The doctrine of "buyer beware" is not a defence to fraud.
     
  4. Panni

    Panni Member

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    The transaction was a private sale and as such was purchased “as is” and caveat emptor applies-let the buyer beware. The purchaser must perform their due diligence when purchasing an item because when the transaction is complete the buyer will not receive a warranty or refund.

    Under the private sale, even if the seller is aware of a mechanical defect in the vehicle for sale they are under no legal obligation to disclose it.

    The purchaser was fully aware that purchasing the car privately would save them money, but not without risks of no warranty. Yet he did not mitigate the risks by not engaging the service of a professional pre-purchasing inspection and due diligence. As a private vendor I am under no legal obligation to disclose the condition of the car. The car was purchased “as is”. They cannot claim they were misled and deceived when they failed to do the necessary pre-purchase checks and investigations. They only did the checks after the fact. If purchasers can claim for damages from vendors after they bought the cars privately, then all the used car dealers and professional pre-purchasing inspectors will be out of business!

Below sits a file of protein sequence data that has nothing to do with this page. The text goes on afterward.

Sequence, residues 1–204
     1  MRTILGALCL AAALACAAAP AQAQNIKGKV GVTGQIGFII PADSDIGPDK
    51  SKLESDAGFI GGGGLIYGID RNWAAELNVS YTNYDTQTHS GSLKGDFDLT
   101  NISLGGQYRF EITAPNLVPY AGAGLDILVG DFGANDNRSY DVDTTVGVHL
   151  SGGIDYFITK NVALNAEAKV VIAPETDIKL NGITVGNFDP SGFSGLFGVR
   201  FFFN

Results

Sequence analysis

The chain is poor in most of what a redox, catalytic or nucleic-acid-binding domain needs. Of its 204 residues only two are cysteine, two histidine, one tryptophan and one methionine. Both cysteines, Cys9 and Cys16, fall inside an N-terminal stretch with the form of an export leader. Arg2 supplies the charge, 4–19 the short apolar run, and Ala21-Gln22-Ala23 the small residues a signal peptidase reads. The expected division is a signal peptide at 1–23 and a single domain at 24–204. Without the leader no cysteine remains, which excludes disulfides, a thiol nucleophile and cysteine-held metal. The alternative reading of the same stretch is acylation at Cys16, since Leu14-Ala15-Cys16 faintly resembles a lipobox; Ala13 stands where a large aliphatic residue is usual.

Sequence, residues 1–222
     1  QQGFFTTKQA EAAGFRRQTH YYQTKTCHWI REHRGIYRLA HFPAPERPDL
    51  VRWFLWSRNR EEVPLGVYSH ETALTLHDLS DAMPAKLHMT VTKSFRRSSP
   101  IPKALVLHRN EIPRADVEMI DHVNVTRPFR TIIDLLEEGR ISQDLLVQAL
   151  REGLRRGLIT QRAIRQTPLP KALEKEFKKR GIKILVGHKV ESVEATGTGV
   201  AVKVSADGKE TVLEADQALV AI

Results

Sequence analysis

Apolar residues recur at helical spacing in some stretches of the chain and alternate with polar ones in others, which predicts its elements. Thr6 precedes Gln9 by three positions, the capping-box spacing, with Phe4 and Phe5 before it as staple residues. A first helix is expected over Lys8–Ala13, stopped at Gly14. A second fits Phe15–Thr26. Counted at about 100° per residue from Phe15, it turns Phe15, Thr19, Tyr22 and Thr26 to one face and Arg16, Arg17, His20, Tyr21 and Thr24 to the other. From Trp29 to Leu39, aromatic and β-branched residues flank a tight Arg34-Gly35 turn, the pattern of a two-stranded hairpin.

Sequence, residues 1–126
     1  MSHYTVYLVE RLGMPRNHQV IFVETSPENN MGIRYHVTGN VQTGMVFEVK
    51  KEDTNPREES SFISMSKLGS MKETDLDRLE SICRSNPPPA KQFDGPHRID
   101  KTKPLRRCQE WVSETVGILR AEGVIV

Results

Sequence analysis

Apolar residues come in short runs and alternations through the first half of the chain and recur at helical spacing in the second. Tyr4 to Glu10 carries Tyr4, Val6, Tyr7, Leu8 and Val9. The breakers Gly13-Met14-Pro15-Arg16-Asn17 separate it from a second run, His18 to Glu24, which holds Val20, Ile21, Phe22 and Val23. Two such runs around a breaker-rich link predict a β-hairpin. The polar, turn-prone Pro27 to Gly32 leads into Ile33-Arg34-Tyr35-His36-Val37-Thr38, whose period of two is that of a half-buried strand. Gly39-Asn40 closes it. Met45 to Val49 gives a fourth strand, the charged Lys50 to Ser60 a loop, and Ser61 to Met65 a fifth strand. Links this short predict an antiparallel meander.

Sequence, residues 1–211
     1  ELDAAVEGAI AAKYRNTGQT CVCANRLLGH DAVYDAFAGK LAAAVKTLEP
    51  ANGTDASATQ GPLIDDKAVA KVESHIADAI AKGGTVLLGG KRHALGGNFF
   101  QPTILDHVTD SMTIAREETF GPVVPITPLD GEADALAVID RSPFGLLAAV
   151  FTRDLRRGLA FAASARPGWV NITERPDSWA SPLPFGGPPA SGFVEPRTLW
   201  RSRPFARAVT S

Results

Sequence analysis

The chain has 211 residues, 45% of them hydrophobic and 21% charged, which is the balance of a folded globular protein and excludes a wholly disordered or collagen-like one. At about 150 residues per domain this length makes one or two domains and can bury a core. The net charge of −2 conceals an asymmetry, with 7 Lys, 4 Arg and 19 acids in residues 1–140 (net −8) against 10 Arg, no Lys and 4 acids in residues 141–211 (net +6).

5. Tim W

    Tim W Lawyer

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    caveat emptor has been tested in court time and again, in many jurisdictions.
    It is settled law that this principle does not operate to enable a fraud by a seller on a buyer.
    The seller's legal obligation is to deal fairly with the buyer. That includes not committing a fraud on them by withholding information that a reasonable person would think relevant to the decision about whether or not to buy the car, or what price to offer. In other words - buyer beware, yes, but you don't get to use that to justify pulling a trick on the buyer.